Doctor Recommends THIS Screen Time Alternative to Keep Kids Occupied When You’re Busy With Work

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Playing Doctor Weighs In on Screen Time + Offers an Alternative That's Better for Development

Screen time has been a hot topic in the parenting world for years. Should you allow your child to watch TV or play video games if you’re busy with work? But how much is too much? And what is the impact that digital media has on the development of young children?  

We brought in family physician Dr. Deborah Gilboa, who specializes in empowering parents with knowledge about child development, to weigh in on screen time for children. 

Is it okay to let a preschooler play games and watch things on a screen, while you, as the parent, do work?     

"Even though my kids are now all teens, I remember this struggle so clearly. First of all – you DO have stuff to do, and it is hard to find the right balance," says Dr. G. "Second of all, your kids don't need to be entertained, but they WANT to be." 

So, Dr. G's answer is this:  

"Yes, of course it's okay to let your children play games and watch stuff when you have work you need to do. AND, you can go all 1991 on them and do work without them being entertained on screens all the time," she says.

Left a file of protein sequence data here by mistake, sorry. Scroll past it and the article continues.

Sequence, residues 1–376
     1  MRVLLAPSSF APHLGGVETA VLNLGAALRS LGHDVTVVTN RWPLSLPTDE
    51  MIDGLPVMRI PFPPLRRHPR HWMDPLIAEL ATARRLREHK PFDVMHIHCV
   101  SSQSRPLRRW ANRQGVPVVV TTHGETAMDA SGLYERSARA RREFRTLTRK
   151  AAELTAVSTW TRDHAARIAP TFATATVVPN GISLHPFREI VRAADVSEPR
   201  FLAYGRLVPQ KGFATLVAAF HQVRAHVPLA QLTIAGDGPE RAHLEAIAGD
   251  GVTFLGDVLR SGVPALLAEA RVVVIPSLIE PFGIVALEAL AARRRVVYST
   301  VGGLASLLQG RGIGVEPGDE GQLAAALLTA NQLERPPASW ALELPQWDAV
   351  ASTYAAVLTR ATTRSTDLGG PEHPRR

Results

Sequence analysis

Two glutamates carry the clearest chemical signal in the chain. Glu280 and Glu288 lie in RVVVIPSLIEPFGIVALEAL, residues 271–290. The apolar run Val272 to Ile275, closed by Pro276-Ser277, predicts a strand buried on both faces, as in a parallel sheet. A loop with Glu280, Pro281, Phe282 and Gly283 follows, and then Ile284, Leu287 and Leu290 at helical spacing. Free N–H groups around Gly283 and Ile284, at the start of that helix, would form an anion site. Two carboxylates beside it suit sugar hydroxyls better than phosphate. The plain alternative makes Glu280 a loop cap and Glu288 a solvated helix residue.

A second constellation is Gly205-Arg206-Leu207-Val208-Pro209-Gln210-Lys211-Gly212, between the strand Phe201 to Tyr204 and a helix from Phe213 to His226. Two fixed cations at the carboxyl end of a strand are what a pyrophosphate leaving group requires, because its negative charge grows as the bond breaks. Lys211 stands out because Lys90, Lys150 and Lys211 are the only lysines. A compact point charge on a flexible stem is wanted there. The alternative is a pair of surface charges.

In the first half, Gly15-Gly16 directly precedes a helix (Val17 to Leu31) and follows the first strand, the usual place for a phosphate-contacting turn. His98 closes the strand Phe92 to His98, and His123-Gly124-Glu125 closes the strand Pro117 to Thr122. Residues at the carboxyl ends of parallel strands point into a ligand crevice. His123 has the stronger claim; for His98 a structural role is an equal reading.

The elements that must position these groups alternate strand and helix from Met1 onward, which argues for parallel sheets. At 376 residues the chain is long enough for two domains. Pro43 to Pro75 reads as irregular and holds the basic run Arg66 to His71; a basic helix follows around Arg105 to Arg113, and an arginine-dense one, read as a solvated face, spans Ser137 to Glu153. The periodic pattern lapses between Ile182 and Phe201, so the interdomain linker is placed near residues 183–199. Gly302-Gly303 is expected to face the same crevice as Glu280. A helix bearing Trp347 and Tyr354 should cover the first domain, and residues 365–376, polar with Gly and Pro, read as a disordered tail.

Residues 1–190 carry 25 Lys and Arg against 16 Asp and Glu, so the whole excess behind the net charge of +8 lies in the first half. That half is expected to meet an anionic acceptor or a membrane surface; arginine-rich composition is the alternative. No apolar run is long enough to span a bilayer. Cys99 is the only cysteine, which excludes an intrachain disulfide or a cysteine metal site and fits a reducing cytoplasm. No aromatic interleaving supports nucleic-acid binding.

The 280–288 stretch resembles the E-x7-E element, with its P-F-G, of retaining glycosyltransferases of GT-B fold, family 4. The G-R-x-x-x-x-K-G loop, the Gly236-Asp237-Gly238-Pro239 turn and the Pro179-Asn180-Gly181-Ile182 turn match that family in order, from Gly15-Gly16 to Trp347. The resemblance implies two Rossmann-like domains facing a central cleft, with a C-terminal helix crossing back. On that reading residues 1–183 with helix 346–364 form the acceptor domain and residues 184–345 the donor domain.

If you want your child to entertain themselves without screen time, here are some tips: 

"For this, you need to tolerate some mess and maybe some noise. Playing on their own is an important skill but playing quietly on their own is a pretty tall order for most preschoolers," Dr. G explains.  

"Set some clear location boundaries, have them tell you what activities they might like to do and get the (safe) stuff they need for a couple of them," she adds. 

"You can even set a timer for them for how long they need to figure out their own activities without bothering you. They can only call for you or come get you if someone is in danger, but if you set them up in a safe space, that's unlikely to be an issue," Dr. G explains.   

"Fighting boredom builds creativity, builds tolerance to discomfort and encourages self-regulation. Since you already have those skills, it's time for your child to work on  themselves," she says.  

Dr. G also answered other frequently asked questions about parenting emotionally distant teens, dealing with kids talking back and teaching a child to eat healthier.   

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